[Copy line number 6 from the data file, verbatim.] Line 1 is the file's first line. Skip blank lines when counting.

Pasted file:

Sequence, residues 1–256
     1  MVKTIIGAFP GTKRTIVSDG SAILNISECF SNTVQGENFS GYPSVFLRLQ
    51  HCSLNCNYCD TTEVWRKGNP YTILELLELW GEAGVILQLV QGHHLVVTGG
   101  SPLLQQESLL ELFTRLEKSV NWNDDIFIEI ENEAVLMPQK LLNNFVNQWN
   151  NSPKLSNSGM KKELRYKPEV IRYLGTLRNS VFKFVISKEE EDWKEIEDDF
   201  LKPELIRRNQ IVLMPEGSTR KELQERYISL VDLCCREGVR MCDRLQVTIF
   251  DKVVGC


   201  LKPELIRRNQ IVLMPEGSTR KELQERYISL VDLCCREGVR MCDRLQVTIF